Wow. This was gripping from the very beginning. I really love how Tomi Adeyemi has built this world. It is full of such imagination but also so rooted in the the real world. Zelie and Amari completed the ritual to bring back magic but it kinda worked too well. Not only do the Maji have their magic back but Nobles with any Maji ancestries also have magic now. So their enemy is just as powerful and in some cases more powerful. This book really explores how deep the hurt that hatred and bigotry lies and not easy to get over and move on. Amari and Inan both try to get both sides to come together but there are just too many years of hurt and betrayal for either side to trust each other. In fact they are both so sure that the other side is wrong that the only way forward is to eliminate the other. Also the power of grief and how it can really paralyze you to move forward. Pretty much everyone in this book makes big mistakes that will hunt them. Except for Tzain, who is just maybe the best person ever. I really can’t believe it ended the way that it did. It is a much bigger cliff hanger then the first one and I’m not sure I’m okay after reading it. Obviously there is one more book and so the solution couldn’t have been as easy as they thought it should have but the ending was such a twist and confusing mess that it really messes up the reader as much as the characters. I really hope the next books comes out soon.
I think what I like about this series is how Rick Riordan really explores how messed up some of these myths are. The things that the Gods do are just really unjustifiable and forces Apollo to face them as a human. For the last four books, Apollo has been living as Lester and all of his fragile human failings. For the first time, he has really mourned the death of a human for the first time. Jason’s death still shocks me because in these type of books, the heroes never die. They always find some way to live, particularly in Rick’s world where he has found some pretty creative loop holes to keep his demigods alive. Kudos for him for bucking his own trend. It’s still sad nonetheless. Jason’s death hangs over all of them, particularly those at Camp Jupiter. Frank, Hazel and Reina are already reeling from the previous battle and now they have to move on without Jason and his leadership. Apollo is grieving and has to face his own mortality. Two of the three Emperor’s are planning on attacking Camp Jupiter, with the last king of Rome. To survive he must come to grips of with some of the worst things he did as a God and the people he hurt along the way. It’s truly touching to see Apollo face his humanity and learn from his mistakes. He knows he can’t change what happened but he’s learning he can be a better person and be better God. There is one book left and I can’t wait to see what is in store for him and Meg. Not to mention, with them going back to New York, means that I’m sure we are going to get another Percy cameo. Yes!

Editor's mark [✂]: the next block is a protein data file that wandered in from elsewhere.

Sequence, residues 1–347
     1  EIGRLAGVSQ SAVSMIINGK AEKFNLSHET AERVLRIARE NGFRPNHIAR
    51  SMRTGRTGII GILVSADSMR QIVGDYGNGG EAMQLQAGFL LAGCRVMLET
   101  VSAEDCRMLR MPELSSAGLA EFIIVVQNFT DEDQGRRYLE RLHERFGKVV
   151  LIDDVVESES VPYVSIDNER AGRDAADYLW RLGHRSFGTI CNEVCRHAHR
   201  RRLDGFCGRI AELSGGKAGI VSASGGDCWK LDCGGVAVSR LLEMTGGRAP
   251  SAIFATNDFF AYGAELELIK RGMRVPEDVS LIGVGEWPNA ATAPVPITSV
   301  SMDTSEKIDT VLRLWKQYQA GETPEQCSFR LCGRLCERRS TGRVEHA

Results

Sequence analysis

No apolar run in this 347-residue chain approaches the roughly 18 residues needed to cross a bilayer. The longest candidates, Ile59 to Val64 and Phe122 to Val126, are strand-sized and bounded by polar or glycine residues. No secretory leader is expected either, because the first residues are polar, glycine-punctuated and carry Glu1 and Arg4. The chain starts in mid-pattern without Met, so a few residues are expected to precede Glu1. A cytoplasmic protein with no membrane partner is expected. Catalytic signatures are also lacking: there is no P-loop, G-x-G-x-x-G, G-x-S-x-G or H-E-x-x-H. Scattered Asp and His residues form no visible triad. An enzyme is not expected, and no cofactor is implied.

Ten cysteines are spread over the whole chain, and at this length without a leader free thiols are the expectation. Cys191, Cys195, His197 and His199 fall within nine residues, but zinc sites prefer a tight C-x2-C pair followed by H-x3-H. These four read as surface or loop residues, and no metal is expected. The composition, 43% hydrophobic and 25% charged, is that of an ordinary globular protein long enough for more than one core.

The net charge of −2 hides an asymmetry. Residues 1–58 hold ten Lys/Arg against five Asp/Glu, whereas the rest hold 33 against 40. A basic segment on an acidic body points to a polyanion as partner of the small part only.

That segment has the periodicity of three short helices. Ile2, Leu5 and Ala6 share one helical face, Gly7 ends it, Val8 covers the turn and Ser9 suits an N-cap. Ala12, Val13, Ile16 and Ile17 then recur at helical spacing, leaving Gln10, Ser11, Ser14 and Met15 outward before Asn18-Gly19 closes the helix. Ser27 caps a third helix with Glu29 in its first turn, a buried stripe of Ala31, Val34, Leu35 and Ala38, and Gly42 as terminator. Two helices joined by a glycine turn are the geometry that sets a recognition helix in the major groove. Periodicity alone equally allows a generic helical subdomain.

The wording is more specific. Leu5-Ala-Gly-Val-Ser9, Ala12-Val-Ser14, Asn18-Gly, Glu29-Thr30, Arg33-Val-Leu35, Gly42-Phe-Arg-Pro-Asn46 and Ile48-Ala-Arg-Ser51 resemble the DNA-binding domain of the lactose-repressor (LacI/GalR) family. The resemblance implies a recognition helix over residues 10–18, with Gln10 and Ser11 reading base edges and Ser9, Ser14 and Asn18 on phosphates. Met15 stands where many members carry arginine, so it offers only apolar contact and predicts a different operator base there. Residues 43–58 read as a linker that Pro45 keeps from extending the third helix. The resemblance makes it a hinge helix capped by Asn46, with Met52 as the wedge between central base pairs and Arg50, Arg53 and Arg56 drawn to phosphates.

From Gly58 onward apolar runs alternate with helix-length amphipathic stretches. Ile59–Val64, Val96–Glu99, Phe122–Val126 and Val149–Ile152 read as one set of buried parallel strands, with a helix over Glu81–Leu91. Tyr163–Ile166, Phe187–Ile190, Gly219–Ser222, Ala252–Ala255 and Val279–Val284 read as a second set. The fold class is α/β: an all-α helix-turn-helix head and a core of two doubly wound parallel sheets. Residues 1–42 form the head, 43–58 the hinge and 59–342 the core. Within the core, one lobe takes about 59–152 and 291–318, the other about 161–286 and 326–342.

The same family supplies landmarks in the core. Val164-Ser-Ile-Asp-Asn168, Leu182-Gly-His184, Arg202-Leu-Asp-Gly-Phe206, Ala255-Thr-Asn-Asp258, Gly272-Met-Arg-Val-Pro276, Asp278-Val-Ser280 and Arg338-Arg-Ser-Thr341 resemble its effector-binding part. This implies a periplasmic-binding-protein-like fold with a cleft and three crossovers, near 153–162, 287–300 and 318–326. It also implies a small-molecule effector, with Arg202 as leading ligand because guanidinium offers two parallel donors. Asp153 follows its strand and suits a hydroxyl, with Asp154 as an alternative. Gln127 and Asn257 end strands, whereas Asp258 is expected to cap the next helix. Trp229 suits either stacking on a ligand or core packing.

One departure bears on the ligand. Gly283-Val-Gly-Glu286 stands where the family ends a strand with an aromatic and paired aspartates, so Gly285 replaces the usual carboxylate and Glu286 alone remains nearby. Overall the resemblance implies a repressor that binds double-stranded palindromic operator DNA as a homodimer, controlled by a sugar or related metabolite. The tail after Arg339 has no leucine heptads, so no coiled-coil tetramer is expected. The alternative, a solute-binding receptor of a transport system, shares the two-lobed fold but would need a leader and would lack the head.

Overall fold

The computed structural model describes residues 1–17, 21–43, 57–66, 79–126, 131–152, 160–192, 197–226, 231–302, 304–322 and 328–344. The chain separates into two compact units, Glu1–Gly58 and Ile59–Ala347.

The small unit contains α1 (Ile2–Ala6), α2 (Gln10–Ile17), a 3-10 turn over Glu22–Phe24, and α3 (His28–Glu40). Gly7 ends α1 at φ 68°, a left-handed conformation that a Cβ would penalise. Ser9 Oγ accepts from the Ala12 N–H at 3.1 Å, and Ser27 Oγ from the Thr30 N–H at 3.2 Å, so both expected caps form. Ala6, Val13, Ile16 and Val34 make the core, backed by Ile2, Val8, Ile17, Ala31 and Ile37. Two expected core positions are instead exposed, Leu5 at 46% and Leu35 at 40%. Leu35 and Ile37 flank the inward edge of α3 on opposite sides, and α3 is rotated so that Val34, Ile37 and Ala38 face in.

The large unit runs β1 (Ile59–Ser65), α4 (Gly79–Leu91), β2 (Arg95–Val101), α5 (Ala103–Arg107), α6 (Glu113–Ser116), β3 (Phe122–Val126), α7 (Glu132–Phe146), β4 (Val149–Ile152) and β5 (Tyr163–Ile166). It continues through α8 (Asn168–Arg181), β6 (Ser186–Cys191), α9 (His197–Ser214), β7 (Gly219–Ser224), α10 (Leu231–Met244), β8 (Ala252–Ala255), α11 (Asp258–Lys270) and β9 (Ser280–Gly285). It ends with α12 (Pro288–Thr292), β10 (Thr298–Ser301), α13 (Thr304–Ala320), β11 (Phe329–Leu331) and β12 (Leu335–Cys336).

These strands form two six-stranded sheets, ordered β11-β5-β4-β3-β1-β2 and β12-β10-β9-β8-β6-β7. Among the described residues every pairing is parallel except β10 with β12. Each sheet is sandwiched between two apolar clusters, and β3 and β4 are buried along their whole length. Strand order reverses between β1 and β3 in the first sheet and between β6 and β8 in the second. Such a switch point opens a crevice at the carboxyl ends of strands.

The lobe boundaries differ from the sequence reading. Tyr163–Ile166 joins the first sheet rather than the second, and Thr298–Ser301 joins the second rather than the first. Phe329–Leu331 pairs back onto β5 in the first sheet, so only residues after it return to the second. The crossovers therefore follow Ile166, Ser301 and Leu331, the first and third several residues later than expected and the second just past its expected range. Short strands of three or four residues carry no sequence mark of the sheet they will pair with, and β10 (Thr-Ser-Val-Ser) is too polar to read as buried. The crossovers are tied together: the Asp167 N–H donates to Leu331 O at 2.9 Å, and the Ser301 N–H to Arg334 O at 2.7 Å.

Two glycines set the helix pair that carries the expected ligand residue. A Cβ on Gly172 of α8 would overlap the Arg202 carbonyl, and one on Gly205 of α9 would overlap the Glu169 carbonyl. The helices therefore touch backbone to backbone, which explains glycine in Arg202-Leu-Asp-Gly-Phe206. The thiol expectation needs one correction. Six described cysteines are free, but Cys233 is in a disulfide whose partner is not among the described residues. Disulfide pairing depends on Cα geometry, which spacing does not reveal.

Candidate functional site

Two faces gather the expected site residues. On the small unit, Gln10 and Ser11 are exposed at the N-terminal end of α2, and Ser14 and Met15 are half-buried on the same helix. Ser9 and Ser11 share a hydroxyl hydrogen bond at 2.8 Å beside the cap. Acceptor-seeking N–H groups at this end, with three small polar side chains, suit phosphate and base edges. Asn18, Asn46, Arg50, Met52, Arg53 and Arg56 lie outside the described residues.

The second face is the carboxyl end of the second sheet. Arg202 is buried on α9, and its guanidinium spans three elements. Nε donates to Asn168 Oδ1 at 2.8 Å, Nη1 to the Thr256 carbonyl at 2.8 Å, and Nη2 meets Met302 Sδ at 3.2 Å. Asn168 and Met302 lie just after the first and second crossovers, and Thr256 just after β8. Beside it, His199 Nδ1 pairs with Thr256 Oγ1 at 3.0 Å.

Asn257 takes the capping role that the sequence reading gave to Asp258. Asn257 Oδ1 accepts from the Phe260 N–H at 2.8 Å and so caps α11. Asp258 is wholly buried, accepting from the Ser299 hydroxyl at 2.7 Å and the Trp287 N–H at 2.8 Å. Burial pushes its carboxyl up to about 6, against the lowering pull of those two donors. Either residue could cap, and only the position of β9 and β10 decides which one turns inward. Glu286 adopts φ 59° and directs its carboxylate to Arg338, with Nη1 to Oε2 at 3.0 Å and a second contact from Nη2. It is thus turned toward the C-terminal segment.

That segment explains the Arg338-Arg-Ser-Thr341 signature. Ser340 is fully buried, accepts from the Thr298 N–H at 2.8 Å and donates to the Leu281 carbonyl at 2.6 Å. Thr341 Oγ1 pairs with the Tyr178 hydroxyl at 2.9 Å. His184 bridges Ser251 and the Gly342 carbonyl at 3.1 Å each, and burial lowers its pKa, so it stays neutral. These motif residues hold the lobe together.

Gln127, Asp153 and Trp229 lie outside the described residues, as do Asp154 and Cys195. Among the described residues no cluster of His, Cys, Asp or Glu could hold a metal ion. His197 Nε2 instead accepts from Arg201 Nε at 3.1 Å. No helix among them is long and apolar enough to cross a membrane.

What a way to end a series. Jude is not the same girl she was at the beginning and neither is Cardan. They both have grown up so much over the three books. I’m so proud of them. Jude is an exile after Cardan secretly marries her and then exiles her for killing his brother. She’s more then a little depressed because well she got out maneuvered by Cardan. She’s more then a little bit of a whiplash. One minute she’s getting married and the next she’s back in the human world, living with her sister and brother. How did this happen? How did she lose control so quickly. Things take a turn when Jude takes on a dangerous job for a fairy and learns Cardan’s reign is in trouble and then her twin sister, Taryn comes to pay a visit and drop some serious news. Jude must go back to Faerie and help her sister and in no time she’s back in the Game of Thrones. She’s kidnapped by her father, who’s making a play for the throne. She discovers his plan and does what she can to get back to Cardan. Cardan for his part is the same sarcastic king he was but he’s also matured into his role. We have known that he was in love with Jude and didn’t know how to deal with his feelings because 1. She’s human and 2. he never got much love as a kid himself. He knows that he was born under bad stars and people never expected much from him. He didn’t give them much in the last book by drinking for most of it but he’s been better. He plays a part in Jude’s rescue and really takes down his walls for her. This totally throws Jude off her game because its not the Cardan she knows and it’s almost too good to be true. When Madoc finally makes his pitch for why he should be king, Cardan does something so surprising for him that he little transforms the kingdom. Jude is tested like she’s never has been before. She has the power but it’s tenuous at best. To hold on to it will she follow the bloody past of her father? Will she make one more bad bargain? or she will use her one advantage over all of fairies and be human? I want say too much more because I don’t want to spoil it but it’s good. I will admit, I knew what Jude was going to do before Jude did but it wasn’t any less satisfying. I really love when Holly Black when she writes fairies because she no one understands them better. I also love how she seamlessly integrates her other fairy characters into the story without it being too obvious or forced. It’s clear that they all live in the same universe and opens up the story in so many ways. There is so many ways she can take it. This trilogy may be over but she definitely left it open for certain story lines to continue on in other stories and I’m here for it. I am so here for it.